Dodd-Frank State Attorney General

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  • SEC Names New Director for New York Region

    Securities

    On October 17, the SEC announced Andrew M. Calamari as Director of its New York Regional Office, a position he has held on an acting basis for the past several months. He replaces George Canellos, who earlier this year was appointed Deputy Director of the Division of Enforcement. Mr. Calamari joined the SEC in 2000 and served as Senior Associate Director and co-head of Enforcement for the New York Region. In his new role, Mr. Calamari will oversee 400 SEC employees including enforcement attorneys, accountants, investigators, and compliance examiners.

    SEC

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  • Freddie Mac Revises ARM Requirements, Updates Home Possible Program

    Lending

    On October 16, Freddie Mac issued Single-Family Seller/Servicer Guide Bulletin 2012-21, which revises certain requirements for adjustable rate mortgages (ARMs) and provides guidance regarding Home Possible Mortgages. For mortgages with settlement dates on or after July 1, 2013, ARMs with initial periods of five years or less cannot have initial or periodic caps that exceed 2%. In connection with the Home Possible Mortgage program and based on the 2012 area median income estimates, Freddie Mac revised the definition of "underserved area."

    Freddie Mac Mortgage Origination

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  • FDIC Finalizes Rule Regarding Enforcement of Subsidiary and Affiliate Contracts

    Consumer Finance

    On October 16, the FDIC published a final rule regarding the enforcement of subsidiary and affiliate contracts by the FDIC as receiver for failed financial companies. The rule implements authority granted to the FDIC by the Dodd-Frank Act that permits the FDIC, as receiver for a financial company whose failure would pose a significant risk to financial stability, to enforce certain contracts of subsidiaries and affiliates of the covered company. The rule covers contracts that purport to terminate, accelerate, or provide for other remedies based on the insolvency, financial condition, or receivership of the covered company, so long as the FDIC complies with statutory requirements. The rule takes effect November 15, 2012, applies broadly to all contracts, and makes clear that the FDIC's authority as receiver effectively preserves contractual relationships of subsidiaries and affiliates during the liquidation process. In response to industry comments, the final rule clarifies certain aspects of the rule as proposed.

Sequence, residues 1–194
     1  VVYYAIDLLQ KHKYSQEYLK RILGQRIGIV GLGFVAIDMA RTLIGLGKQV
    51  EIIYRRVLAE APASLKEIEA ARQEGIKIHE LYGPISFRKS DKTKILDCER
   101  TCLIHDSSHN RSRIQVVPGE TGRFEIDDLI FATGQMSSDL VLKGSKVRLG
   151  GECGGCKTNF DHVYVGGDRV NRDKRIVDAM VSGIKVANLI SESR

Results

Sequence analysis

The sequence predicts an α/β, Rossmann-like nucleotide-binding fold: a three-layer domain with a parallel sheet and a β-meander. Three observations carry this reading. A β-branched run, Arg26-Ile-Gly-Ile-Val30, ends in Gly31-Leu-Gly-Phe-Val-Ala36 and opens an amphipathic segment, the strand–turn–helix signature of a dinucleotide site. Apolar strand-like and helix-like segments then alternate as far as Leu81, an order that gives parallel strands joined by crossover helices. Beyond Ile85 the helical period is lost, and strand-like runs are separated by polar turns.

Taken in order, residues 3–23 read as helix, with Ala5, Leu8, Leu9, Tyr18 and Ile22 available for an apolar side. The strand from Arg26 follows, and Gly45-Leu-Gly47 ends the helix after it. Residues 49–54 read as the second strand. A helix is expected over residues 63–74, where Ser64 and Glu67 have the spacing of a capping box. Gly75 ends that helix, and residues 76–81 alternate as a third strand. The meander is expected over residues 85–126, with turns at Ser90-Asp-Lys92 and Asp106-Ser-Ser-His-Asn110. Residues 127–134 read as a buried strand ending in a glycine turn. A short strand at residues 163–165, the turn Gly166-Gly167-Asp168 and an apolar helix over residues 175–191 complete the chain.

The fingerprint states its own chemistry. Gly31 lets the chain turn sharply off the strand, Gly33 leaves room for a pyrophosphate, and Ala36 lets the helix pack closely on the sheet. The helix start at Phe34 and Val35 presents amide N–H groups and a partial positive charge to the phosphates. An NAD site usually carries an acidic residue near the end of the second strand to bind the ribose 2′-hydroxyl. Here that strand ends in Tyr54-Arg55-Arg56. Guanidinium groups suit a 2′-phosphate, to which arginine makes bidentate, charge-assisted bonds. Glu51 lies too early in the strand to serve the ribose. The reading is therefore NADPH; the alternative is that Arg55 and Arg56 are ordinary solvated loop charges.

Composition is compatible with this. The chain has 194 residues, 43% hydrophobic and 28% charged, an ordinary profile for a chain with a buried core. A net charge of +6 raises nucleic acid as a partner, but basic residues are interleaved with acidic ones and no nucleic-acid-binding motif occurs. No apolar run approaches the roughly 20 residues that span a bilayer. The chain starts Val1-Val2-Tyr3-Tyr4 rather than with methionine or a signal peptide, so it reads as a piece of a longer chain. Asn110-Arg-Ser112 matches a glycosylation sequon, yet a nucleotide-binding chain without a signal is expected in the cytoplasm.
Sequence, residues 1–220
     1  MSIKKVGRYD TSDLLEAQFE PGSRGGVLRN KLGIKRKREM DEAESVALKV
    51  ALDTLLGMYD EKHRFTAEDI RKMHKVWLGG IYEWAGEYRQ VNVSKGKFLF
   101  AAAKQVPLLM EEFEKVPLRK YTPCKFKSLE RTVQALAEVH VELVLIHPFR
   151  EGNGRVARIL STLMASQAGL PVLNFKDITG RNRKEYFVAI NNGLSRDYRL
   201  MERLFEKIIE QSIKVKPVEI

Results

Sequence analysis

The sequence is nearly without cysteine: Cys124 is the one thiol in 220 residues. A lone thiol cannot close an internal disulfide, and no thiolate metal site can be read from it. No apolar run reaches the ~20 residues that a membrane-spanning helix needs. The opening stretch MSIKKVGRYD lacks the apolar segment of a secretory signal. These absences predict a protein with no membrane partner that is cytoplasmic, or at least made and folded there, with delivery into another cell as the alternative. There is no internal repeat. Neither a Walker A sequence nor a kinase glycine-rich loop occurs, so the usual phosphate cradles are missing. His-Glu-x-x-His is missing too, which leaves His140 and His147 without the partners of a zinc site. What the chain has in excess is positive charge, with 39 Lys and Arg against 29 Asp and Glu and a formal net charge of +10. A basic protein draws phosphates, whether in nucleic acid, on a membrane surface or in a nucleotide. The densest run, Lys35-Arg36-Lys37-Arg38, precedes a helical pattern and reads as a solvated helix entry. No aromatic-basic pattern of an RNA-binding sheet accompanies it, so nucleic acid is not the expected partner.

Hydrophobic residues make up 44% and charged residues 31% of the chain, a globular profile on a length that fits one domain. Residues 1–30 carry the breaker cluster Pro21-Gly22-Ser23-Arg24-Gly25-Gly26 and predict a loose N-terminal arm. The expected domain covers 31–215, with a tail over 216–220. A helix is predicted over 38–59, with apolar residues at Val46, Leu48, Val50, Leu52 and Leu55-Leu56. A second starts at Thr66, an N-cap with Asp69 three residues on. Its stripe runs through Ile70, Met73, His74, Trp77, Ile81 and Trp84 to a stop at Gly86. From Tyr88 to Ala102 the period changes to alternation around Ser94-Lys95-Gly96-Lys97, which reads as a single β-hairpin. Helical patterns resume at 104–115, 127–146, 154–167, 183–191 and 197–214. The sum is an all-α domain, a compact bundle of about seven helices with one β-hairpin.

FDIC

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  • Federal and State Policymakers Comment on Federal Proposed Basel Capital Requirements

    Consumer Finance

    Last week, federal and state policymakers sent letters to federal regulators urging a change in course with regard to proposed regulations to implement the Basel III capital accords. On October 17, U.S. Senators Sherrod Brown (D-OH) and David Vitter (R-LA) expressed concern that the proposed approach would not be sufficient to prevent another financial crisis and urged the federal prudential regulators to simplify and enhance capital rules that will apply to U.S. banks. Specifically, the Senators asserted that Basel III's continued focus on risk-based capital ratios is too complex and opaque; instead the proposal should focus on "pure, loss-absorbing capital." On the same day, the Conference of State Bank Supervisors (CSBS) encouraged the federal agencies to consider the impact of their proposal on the national and local economies. The CSBS argued that Basel III is intended only to apply to large, internationally active banks, and suggested that capital requirements for other U.S. banks should be set through a separate rulemaking. In a second letter, the CSBS commented on a related rulemaking regarding a standardized approach to risk-weighted assets. In that letter, the state supervisors expounded on their recent objection to the proposal as "reactionary" and "overly complex." Earlier in the week, on October 15, Senate Banking Committee Ranking Member Richard Shelby (R-AL) objected to the rulemaking process and challenged the regulators to better explain (i) why the Basel III standards are appropriate for U.S. banks and how the regulators came to their determinations, and (ii) the impact on the U.S. baking system and the economy, including a detailed cost-benefit analysis. Also this week, other federal lawmakers, including Republican members of the House Committee on Financial Services, and the congressional delegations from Arkansas, Colorado, and Mississippi, submitted letters commenting on the proposals.